Tuckerton Raises Water and Sewer Rates, Municipal Taxes in 2019 Budget

Apr 03, 2019
Photo by: Pat Johnson Mayor Susan Marshall (left) gives a Proclamation declaring Library Week, April 7-13, to Tuckerton branch librarian Cindy Simerlink.

Tuckerton Borough Council raised the water and sewer rates and the tax rate as it introduced the 2019 budget during the April 1 municipal meeting. The municipal budget of $5,071,550 has a total amount to be raised by taxation of $3,054,665, a 3.8-cent increase that brings the municipal tax rate to 73.7 cents on $100 tax assessed value. For an average size home worth $214,195, expect an increase of $70.56 annually for a total of $1,570.

In addition, the water and sewer utility bill will go up $53.29 annually for the base amount allowance of 73,000 gallons.

Councilman John Schwartz said the increase in the water and sewer rates is needed because of the high amounts of saltwater intrusion into the system. There is a deficit of $351,739 in the utility account.

The borough’s assessed worth is $414,731,900, an increase of $7.5 million in assessed worth over 2018.

A second reading and public hearing on the budget that includes the water and sewer utility increases is set for April 15.

The borough received some good news: The state Department of Transportation awarded Tuckerton a $284,660 grant for repairs to Second Avenue.

And Schwartz announced that thanks to the efforts of the mayor and council, Administrator Jenny Gleghorn and the Tuckerton Waterways Commission, the borough has sent the permit application for lagoon dredging to the N.J. Department of Environmental Protection. The fee was $31,000.

Gleghorn said the application should not face any opposition since members of the DEP helped the borough extensively with the process.

But it also has to go to the Army Corps and the U.S. Fish and Wildlife Service for their approval, so the town is still in suspense until the piece of paper arrives. Once it is in borough hands, the town will go out to bid the project.

Tuckerton Beach Association President Peter Gioiello asked about the two other waterways projects: the shoreline protection project on Green Street and the increase of land at the end of Little Egg Harbor Boulevard.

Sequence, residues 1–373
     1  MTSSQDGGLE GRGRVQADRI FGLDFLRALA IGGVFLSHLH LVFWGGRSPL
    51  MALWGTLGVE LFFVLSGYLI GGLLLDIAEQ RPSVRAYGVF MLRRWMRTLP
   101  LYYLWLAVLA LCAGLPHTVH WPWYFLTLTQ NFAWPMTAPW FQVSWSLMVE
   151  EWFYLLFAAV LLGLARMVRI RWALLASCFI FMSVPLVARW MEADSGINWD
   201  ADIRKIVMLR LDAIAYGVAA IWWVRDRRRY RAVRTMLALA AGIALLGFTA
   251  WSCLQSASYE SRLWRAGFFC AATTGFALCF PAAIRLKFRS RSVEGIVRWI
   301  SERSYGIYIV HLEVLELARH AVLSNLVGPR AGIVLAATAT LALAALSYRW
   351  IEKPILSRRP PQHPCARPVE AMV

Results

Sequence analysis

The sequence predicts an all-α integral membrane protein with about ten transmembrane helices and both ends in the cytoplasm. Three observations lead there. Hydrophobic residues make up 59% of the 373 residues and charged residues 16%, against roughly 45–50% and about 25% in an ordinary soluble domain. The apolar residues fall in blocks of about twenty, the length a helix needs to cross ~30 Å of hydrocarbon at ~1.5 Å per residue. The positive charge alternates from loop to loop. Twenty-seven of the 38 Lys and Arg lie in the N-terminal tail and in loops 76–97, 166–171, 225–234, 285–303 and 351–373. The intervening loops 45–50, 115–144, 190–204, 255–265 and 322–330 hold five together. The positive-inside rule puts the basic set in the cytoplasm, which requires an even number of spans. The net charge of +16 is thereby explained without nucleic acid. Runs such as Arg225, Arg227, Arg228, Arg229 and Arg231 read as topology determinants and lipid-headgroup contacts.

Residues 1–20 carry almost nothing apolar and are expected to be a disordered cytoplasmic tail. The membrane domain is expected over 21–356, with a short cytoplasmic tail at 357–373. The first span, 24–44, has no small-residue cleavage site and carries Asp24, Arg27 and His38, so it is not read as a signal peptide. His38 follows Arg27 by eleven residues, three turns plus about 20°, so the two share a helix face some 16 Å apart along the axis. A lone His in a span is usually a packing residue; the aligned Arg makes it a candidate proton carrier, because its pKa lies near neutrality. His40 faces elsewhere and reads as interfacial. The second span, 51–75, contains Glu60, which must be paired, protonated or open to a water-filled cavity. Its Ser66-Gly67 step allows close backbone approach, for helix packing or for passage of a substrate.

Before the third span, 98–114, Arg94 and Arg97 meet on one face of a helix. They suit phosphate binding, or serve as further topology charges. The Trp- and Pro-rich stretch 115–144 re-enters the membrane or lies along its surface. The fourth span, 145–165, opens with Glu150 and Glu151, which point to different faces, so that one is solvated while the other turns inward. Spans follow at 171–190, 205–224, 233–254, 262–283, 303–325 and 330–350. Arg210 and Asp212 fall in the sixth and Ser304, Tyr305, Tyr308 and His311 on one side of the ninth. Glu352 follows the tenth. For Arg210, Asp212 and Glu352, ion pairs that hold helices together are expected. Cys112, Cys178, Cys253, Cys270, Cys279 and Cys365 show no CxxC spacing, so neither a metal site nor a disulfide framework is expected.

The shoreline protection project for Green Street that consists of a concrete breakwater and some sand is through the National Fish and Wildlife Foundation $2.1 million grant awarded in 2015. The contractor, Weeks Marine of Waretown, has just started to mobilize equipment at Iowa Court in Little Egg for its part of the project; work in Tuckerton should follow.

The holdup on the Little Egg Harbor Boulevard peninsula in Tuckerton Beach has been with one property owner who would not sign off on an easement for his partially submerged vacant lot. Mr. Zito has been served with papers of eminent domain taking of the property. The borough’s special council, Terry Brady, was still not able to come to an amicable decision with Zito, so the town will take the property for an easement and pay him an as yet undisclosed amount.

Once that paperwork is completed, the NJDEP will take over as lead agency as it is the DEP’s grant of approximately $400,000 that will be used to build up that important breakwater.

During the public comment period, John Zubriski brought two photos to the attention of the mayor and council that showed trucks parked along the South Green Street right-of-way in front of Sheltered Cove Marina and suggested they posed a safety risk to pedestrians. He decried the borough land use board’s decision to allow the owner to pay into a borough sidewalk fund rather than build the sidewalks.

Councilman Keith Vreeland said the way the zoning ordinance is written the applicant to the land use board has the option of giving money for the fund. The dedicated fund originated so sidewalks can be maintained in areas most needed rather than building “sidewalks to nowhere,” as seen in some other municipalities.

— Pat Johnson

patjohnson@thesandpaper.net

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